Trail of the Spellmans: Document #5 by Lisa Lutz (Simon and Schuster, $25.00, 373 pages)
I decided that sitting in a stairwell all night eavesdropping on a conversation in my own home was undignified, so I searched the office for a recording device that I could plant just outside the door. Then I could listen from the luxury of the office. Much more dignified.
Wacky, ironic, self-aware and irreverent are adjectives that sum up Isabel Spellman who is the narrator of the rather rambling and highly-entertaining journal of her family’s detective agency activities. Their headquarters at 1799 Clay Street in San Francisco, California, also happens to be the family home. Although this address is not really that of a home in San Francisco (a check of Google Earth confirms this fact), there are ample real locations in The City to validate Ms. Lutz’ familiarity with the locale. She even goes so far as to disguise the name of a bakery in the Mission that has long lines in the hope that its fame will not be expanded by disclosure in the book. My bet is that she’s referring to Tartine Bakery & Cafe at 600 Guerrero Street.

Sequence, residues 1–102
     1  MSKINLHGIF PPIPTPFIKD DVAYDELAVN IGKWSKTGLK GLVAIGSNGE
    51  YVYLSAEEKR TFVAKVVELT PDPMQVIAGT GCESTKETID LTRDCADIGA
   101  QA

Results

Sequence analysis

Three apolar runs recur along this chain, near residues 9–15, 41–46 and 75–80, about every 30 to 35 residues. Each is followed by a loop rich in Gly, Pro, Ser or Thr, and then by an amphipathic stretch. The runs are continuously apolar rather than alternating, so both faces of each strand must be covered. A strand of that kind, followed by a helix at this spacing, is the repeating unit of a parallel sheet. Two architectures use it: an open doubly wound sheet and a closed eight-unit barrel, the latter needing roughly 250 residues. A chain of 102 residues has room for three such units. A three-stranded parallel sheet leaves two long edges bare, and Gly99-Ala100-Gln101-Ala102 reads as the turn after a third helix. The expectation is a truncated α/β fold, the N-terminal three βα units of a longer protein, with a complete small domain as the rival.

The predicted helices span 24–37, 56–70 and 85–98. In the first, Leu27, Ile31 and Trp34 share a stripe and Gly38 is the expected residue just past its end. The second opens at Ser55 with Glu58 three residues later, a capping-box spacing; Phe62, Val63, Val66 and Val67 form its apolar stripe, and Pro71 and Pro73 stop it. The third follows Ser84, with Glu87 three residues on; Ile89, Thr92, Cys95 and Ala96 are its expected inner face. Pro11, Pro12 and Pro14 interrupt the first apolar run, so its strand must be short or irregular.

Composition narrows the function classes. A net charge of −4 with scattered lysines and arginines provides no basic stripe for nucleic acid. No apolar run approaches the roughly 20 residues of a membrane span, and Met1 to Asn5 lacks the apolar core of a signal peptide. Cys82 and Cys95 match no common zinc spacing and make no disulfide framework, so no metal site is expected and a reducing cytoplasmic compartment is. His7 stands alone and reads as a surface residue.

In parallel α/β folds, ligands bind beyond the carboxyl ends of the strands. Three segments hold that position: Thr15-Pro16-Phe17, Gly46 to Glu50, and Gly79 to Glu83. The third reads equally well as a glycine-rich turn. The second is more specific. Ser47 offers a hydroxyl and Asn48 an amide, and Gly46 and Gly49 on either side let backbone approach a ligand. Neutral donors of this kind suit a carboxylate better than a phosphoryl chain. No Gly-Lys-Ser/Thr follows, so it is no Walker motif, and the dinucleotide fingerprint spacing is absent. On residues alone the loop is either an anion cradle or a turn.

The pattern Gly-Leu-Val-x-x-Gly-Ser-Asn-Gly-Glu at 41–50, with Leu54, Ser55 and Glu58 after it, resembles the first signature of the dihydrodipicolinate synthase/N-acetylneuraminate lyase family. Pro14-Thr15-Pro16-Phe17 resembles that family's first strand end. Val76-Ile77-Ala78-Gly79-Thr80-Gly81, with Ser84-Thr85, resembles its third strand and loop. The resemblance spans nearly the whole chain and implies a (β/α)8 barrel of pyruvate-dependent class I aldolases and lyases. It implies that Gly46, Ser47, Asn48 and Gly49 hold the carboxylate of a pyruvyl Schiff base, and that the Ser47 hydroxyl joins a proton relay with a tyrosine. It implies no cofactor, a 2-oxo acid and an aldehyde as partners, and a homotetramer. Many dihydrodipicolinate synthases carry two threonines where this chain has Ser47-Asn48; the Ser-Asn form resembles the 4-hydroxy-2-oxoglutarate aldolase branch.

A family business like the Spellman’s presents opportunities to create intrigue and internal clashes. The mix is enlivened by the presence of Demetrius Merriweather, a recently-released and wrongfully-convicted 43-year-old man, whose freedom after 20 years of incarceration is attributed to the efforts of the Spellmans. When Grammy Spellman moves in, the family dynamics are tweaked beyond their usual passive-aggressiveness.
Lisa Lutz has enhanced the charm of this, her fifth book of the Spellman series, with illustrations and an appendix that includes background information on the characters, as well as documents referenced in the body of the story.
This reviewer caught herself laughing out loud on numerous occasions while reading this book. Perhaps it’s time to read the rest of the series. Hearty laughter is always a welcome accompaniment to a clever tale.
A review copy was provided by the publisher. The full title of the single from R.E.M.’s Document: R.E.M. No. 5 album is “It’s the End of the World as We Know It (And I Feel Fine).” Another hit from that album was “The One I Love.”